upon the relative and absolute import of the words and terms, in which an oath is expressed. My objection is, that the rescript formally dogmatizes, and practically systematizes a principle, upon which no two sound men can differ. It recognizes a power, which undertakes to justify the taking of an oath contrary to the plain and obvious sense of the words of it, according to the sense put upon it by others, than the juror. The rescript most explicitly points out a sense, in which the proposed oath cannot be taken by a Roman Catholic. Understood in this sense, the oath cannot lawfully be taken, as being repugnant to the Catholic faith. What does it direct in consequence? It imposes a duty upon the Bishop of Halia, the Vicar Apostolic of the London district, to solicit an alteration in the words of the oath. One does not very readily see through each link of the chain of this vast and exclusive duty imposed upon Bishop Poynter by Monsignor J. B. Quarantotti. Why not a word about the Archbishop of Dublin? Yet Monsignor J. B. Quarantotti assures us, that he had examined the letters which had been transmitted to him « both by your Lordship (i. e. Dr. Poynter,) and " the Archbishop of Dublin.» The fact is, that Dr. Troy had informed him, that the Irish Bishops one and all reprobated the proposed Relief Bill, and condemned the oath and ecclesiastical clauses contained in it. Well was he aware, that they would not lend their efforts to second his ardent wishes, that this act chill it should have been), so much desired, might at length be passed. The Vice-Prefect was solicited from a single quarter to spiritualize the views and objects of the English Catholic Board, and I must allow some credit to his delicacy for not offering to any other Roman Catholic Prelate the indignity, of imposing an injunction upon him to co-operate in establishing the system of swearing with mental reservation. You were told above two years hack, that* the English Catholics should for this once lead the way and also, that the rejection by anticipation of all ar« rangements respecting the Irish Hierarchy, was « a very improper resolution : it was not called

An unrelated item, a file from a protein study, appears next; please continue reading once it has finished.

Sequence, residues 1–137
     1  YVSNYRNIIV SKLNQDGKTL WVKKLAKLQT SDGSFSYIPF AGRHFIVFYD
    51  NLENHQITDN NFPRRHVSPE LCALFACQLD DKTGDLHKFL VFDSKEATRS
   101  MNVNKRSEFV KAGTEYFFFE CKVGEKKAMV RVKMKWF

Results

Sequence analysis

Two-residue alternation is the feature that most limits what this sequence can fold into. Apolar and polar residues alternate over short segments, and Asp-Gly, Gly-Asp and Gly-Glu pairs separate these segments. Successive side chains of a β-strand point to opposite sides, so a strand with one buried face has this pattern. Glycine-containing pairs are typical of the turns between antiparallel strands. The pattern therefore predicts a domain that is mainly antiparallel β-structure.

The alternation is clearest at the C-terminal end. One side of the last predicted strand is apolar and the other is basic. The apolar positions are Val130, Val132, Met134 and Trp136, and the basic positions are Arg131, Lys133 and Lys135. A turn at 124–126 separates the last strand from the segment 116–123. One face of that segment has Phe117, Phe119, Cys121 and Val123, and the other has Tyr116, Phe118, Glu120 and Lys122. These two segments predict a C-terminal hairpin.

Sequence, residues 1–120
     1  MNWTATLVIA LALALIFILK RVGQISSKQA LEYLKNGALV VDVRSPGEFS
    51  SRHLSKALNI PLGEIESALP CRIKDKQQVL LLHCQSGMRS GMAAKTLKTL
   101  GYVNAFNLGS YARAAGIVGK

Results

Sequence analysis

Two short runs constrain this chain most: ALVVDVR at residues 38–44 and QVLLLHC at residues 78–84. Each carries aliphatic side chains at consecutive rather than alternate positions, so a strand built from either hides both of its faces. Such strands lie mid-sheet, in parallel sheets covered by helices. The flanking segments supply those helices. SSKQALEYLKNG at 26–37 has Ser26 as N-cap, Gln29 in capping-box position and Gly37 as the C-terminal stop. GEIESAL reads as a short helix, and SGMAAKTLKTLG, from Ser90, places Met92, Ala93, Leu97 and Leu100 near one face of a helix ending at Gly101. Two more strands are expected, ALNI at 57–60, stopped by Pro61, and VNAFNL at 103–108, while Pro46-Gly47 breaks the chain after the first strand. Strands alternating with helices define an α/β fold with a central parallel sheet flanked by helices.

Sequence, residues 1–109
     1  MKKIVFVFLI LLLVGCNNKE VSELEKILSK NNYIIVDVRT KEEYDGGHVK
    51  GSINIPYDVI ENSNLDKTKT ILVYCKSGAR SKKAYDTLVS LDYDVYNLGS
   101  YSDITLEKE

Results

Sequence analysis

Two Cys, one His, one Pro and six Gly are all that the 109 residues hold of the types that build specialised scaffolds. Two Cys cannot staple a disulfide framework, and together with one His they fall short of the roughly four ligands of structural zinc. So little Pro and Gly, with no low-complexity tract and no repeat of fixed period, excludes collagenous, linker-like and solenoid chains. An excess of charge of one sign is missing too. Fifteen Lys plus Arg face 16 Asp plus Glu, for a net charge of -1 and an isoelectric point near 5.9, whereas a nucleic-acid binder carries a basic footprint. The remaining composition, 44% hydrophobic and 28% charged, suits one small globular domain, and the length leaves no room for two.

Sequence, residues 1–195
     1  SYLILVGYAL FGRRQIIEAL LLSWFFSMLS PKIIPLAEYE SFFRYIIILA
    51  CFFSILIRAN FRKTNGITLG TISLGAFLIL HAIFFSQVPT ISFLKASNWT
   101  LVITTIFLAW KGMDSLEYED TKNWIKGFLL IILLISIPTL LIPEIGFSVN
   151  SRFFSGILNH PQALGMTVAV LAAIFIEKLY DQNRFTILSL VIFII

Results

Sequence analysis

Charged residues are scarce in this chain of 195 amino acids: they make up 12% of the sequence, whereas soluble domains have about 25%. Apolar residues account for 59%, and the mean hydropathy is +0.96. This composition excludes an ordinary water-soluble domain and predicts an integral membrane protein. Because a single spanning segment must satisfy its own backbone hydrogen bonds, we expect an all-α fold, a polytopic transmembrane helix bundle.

for: and as it disgusts our friends, and furnishes « arms to our enemies, it must be considered as an « unwise measure.» You, Sir John, could have been at no loss to trace the advice, under which this

very special and wholly new commission was confided to the Bishop of Halia alone, had it not been for a countervailing (1) « decided resolution « of the English. Catholics to accept of no boon, « which does not equally advance the Irish Catho

lics in their view of Catholic Emancipation. On behalf, however, of about six millions of his Majesty's Roman Catholic subjects, throughout the whole extent of the British Empire, the following extraordinary commission is imparted to the Bishop of Halia, with more air of authority, I allow, than of confidence. « To you therefore it belongs, with « all humility and earnestness, to supplicate the

High Court of Parliament, that in order to quiet and secure the consciences of the Catholic

* Vide Hist. Let. to Sir J. C. Hippisley, p. 84. Mr. Butler's Letter of Instruction to the Honorable Baronet.

(1) Ibid,